What do Duncan Ferguson and Martin Dickinson have in common apart from both being footballing hard men of their time?
Answer: Both have switched their sporting passions to pigeon racing, with Dickinson – now settled near Worksop – a member of Midlands National Flying Club, an association that hard-as-nails ex-Everton and Scotland striker Ferguson was a card-carrying member of before settling in Spain.
Dickinson, now 48, is remembered by Leeds United fans as a tough-tackling, no-nonsense defender, also able to play the enforcer’s role in midfield and a true 100 per center of his time.
The ex-Foxwood School pupil was the envy of his classmates after following in the footsteps of fellow attendee David Harvey to realise his boyhood dream of playing for his hometown club, while earlier representing both Leeds City Boys and West Yorkshire Boys.
While his sporting kicks now concern our feathered friends, his memories of his time at Leeds in the first half of eighties remain cherished ones to savour as opposed to the second half of that decade which ended in him being forced to retire at the age of just 27, the legacy of suffering serious whiplash injuries in a car accident.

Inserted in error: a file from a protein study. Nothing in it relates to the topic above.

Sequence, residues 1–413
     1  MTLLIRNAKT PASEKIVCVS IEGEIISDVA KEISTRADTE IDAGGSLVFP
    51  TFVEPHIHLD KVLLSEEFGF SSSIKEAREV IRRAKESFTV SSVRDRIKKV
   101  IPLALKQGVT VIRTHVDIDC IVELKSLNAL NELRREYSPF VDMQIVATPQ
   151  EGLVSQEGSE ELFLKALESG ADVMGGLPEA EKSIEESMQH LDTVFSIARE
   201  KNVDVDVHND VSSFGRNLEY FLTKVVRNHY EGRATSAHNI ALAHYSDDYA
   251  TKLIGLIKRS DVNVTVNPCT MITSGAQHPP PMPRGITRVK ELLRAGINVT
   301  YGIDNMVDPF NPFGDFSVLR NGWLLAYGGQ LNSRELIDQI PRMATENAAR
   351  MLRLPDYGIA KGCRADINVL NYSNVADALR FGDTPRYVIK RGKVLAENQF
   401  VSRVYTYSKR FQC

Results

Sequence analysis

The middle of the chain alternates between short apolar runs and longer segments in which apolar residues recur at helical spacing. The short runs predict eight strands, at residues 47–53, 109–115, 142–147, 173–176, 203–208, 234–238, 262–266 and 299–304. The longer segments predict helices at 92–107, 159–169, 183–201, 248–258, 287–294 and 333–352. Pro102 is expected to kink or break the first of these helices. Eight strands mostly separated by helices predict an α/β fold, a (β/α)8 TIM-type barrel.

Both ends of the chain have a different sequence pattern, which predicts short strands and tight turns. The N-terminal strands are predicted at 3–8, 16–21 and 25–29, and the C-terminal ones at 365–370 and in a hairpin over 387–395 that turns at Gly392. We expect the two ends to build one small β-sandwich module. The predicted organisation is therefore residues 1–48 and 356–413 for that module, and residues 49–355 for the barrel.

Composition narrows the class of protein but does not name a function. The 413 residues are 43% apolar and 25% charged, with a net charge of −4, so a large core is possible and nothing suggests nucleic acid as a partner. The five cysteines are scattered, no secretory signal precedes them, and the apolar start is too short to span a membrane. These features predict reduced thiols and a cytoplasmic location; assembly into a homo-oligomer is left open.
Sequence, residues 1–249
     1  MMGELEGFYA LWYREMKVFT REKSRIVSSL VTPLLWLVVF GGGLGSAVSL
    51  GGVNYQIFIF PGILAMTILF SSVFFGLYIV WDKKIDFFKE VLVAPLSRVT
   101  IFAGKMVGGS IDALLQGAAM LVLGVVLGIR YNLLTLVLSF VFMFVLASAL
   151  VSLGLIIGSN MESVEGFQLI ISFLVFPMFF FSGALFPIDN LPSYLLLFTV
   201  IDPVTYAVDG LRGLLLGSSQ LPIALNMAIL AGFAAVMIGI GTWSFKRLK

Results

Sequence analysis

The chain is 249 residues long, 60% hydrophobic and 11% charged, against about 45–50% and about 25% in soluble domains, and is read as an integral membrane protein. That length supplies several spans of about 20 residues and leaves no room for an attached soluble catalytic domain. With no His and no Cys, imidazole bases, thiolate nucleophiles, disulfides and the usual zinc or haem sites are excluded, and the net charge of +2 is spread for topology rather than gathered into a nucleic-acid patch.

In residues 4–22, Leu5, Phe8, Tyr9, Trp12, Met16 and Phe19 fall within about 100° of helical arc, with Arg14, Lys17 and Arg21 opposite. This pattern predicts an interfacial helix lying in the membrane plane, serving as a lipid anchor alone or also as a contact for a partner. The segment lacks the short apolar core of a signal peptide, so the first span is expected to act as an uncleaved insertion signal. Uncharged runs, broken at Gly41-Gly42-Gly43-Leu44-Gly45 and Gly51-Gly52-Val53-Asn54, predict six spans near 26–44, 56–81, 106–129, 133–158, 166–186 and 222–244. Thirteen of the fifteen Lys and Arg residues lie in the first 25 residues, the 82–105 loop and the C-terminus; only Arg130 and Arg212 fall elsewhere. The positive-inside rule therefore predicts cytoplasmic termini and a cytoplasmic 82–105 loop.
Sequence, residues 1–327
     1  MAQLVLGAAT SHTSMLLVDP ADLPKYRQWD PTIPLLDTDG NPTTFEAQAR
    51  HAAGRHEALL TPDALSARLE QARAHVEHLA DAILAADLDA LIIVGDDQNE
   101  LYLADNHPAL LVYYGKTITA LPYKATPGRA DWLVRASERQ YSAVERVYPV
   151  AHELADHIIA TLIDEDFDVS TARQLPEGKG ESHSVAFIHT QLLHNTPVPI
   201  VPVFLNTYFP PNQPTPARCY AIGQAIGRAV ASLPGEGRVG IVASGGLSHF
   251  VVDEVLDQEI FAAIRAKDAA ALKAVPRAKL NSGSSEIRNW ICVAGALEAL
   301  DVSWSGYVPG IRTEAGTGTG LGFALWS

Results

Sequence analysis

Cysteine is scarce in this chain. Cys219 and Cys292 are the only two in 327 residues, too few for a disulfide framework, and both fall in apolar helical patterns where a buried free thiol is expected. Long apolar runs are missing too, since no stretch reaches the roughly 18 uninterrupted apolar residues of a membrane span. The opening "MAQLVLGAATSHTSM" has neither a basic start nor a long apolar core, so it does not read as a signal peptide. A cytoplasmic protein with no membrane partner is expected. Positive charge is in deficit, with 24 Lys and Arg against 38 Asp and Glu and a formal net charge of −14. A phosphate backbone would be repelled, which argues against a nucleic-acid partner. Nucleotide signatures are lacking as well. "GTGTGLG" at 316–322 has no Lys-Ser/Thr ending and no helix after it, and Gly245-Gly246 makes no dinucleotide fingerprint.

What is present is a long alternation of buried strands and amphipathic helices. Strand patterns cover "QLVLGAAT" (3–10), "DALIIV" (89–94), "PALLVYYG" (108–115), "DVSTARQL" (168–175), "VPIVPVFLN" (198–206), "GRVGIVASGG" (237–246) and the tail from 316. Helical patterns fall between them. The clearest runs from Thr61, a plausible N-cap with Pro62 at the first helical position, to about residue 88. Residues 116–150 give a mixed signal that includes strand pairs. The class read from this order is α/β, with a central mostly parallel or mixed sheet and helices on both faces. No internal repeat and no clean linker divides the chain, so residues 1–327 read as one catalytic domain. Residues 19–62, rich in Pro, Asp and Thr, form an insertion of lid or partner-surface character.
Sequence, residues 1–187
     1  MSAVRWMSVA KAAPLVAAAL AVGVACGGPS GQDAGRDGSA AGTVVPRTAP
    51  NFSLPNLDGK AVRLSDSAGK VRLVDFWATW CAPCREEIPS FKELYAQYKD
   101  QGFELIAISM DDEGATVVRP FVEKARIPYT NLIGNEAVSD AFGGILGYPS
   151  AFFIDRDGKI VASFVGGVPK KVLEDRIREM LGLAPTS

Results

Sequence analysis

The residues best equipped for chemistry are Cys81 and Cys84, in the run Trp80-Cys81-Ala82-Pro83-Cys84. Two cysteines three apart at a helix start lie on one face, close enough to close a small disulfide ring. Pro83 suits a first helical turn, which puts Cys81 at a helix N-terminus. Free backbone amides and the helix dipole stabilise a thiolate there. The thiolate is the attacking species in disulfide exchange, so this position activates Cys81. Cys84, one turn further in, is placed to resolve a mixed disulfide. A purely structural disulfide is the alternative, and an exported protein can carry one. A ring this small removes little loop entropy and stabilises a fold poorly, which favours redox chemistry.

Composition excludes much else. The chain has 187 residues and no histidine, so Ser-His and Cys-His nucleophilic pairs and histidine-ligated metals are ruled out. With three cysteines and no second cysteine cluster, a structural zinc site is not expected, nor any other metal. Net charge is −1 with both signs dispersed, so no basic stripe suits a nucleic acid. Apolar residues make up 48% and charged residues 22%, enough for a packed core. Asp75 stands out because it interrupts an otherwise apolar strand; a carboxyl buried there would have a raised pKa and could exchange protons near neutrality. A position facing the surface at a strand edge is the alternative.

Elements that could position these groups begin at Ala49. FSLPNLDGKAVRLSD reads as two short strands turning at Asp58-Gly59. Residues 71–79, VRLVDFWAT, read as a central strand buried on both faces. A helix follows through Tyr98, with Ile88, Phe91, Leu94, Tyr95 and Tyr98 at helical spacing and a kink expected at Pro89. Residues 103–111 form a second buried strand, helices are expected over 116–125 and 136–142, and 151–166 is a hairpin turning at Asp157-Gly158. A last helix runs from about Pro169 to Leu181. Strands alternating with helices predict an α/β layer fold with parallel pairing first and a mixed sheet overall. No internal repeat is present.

It may have been a difficult time for the Whites for most of the 80s, but personally gratifying for Dickinson - who made 119 appearances in all competitions for the club before switching to West Bromwich Albion in February 1996.
His only regret being that the promising young side being nurtured by Eddie Gray weren’t allowed to fully blossom, with perhaps the saddest sacking in the club’s history occurring in September 1985 when the Whites legend was dismissed following a 3-0 League Cup win at Walsall.
It was a decision which seems as crazy now and it did then for many Whites supporters - especially after a run of one defeat in eight matches - with Dickinson firmly among that number.
On his time at Leeds, Dickinson, who came through the junior set-up along with Terry Connor, with both making their debuts at 17, said: “Eventually it all went downhill, but me for being a Leeds lad, it was great to be able to play for hometown club; I absolutely loved it. I used to go in the Lowfields end and I used to be a ball boy as well.
“I remember the likes of Trevor Cherry, Brian Flynn and Brian Greenhoff in the team and there were some great players in the side. On my debut, we beat Middlesbrough 2-0 (in March 1980) and they were a good team with the likes of David Hodgson up front and Craig Johnston. I think Trevor might have scored and I played in midfield with Flynny.